Geta Brătescu is one of the pre-eminent figures in Eastern European art. Born in the Romanian city of Ploiești in 1926, Brătescu studied art, literature and philosophy in Bucharest in the 1940s. In a body of work that now spans more than six decades, she has often engaged with questions of identity, history and the legacy of Modernism. In her performances, films, sculptures and collages Brătescu interweaves personal experiences with literary characters in her very own language of forms.
The exhibition title, Atelier Continuu, refers firstly to a collection of writings of the same name by the artist and secondly to Brătescu‘s on-going daily work in her studio despite her advanced age. In this spirit, the exhibition is showing recent drawings and collages alongside selected works from the 1970s and the decades since.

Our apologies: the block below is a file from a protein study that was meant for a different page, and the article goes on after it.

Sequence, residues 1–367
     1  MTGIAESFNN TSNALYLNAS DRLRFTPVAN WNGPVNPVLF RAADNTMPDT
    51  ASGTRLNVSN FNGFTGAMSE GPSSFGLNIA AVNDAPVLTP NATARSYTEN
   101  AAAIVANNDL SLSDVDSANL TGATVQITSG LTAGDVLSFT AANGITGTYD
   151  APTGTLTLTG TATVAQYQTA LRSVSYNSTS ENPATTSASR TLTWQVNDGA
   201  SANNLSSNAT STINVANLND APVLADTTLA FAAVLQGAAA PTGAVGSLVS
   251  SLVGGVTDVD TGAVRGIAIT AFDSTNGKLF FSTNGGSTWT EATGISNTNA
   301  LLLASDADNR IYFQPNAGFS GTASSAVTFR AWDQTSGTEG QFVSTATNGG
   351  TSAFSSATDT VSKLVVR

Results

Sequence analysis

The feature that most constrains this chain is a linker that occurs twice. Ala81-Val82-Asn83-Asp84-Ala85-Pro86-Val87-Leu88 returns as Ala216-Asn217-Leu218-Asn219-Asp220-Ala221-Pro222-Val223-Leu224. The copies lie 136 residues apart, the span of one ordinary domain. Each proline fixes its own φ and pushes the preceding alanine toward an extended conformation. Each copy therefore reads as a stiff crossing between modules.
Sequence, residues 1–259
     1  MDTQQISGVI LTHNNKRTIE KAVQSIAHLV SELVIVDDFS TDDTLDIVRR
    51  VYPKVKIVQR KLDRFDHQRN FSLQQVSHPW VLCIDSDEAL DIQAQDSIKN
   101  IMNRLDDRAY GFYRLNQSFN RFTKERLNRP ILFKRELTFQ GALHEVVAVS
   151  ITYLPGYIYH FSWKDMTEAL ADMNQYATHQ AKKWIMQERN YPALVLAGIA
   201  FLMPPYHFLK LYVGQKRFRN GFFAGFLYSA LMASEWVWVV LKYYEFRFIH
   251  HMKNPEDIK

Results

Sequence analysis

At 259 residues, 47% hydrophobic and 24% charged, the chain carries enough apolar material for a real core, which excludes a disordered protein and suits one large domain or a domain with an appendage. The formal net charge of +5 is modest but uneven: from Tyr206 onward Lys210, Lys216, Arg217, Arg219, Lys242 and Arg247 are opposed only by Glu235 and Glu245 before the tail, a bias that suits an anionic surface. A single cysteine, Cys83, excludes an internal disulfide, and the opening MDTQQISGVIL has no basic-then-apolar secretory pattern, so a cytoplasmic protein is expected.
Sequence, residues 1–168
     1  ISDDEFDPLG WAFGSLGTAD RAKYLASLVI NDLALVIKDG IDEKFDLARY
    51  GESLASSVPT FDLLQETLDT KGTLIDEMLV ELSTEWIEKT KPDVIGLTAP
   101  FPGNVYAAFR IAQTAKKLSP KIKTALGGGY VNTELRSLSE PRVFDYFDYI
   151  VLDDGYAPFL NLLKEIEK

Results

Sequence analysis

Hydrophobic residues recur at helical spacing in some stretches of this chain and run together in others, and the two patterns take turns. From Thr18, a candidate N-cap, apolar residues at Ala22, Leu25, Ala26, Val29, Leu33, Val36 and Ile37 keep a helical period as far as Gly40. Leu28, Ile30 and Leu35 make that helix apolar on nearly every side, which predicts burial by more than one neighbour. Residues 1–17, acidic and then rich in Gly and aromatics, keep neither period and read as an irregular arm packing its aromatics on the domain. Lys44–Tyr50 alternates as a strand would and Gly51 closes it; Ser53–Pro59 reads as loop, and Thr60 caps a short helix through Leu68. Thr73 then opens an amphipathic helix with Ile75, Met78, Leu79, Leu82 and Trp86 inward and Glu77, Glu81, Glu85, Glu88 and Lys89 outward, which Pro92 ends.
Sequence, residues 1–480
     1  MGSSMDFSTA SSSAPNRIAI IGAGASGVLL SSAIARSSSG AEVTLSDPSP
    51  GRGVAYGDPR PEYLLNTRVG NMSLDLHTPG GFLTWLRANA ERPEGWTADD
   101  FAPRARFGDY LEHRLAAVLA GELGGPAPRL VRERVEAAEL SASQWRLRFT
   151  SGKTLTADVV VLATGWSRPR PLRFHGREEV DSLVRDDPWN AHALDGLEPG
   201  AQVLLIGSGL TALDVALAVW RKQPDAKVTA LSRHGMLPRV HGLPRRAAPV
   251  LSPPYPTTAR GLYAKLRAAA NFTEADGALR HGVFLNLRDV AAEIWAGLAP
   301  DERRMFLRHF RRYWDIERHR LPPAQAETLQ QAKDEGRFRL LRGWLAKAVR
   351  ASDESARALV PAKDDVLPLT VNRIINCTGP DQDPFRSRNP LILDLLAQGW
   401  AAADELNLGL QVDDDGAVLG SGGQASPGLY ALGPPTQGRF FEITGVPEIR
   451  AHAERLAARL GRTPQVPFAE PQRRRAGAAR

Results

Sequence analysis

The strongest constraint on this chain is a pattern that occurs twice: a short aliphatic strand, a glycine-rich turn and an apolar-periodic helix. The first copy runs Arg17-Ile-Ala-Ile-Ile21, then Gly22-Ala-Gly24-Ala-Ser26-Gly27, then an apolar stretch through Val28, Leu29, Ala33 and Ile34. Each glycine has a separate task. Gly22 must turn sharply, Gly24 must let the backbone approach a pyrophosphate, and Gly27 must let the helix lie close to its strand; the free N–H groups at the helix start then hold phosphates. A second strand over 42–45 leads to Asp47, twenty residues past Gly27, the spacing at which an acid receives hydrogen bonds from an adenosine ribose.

Geta Brătescu’s pictorial worlds are inhabited by mythological figures, many of them freely adapted. Himere (2005), the title of a 40-part series of drawings, some of which she completed with her eyes closed, refers to the three-headed mythical creature called the chimera, but the works are more reminiscent of chimeras in the sense of fleeting dream images. The Pre-Medeic Drawings (Form-Inform) (1975–78) similarly break loose from the figure of Medea, transferring her inner turmoil to dark meditations that always retain an indeterminate aspect. The intertwining of past and present is a recurrent motif for Brătescu: in Labyrinth (1992) the architectural elements of a labyrinth appear to be inextricably entangled with Ariadne’s thread. Her layered paper collages, Untitled (1987), also bespeak memory and stored time. Complex, multi-layered paper arrangements appear frequently in Brătescu’s work in connection with the reification of the flow of time: in the three collages, the multi-coloured papers and their material qualities overlap into a tactile, experiential spatiality – surfacing again in Untitled (1987/88), a partially rolled strip of paper extending from the wall to the floor, shimmering in earthy colours from black to dark brown to reddish. The title of four photographs of a printing press, Typography (1974), brings forth the intrinsic connection between writing and image, alludes back to the title of the exhibition and elucidates the tension between organic and mechanical approaches.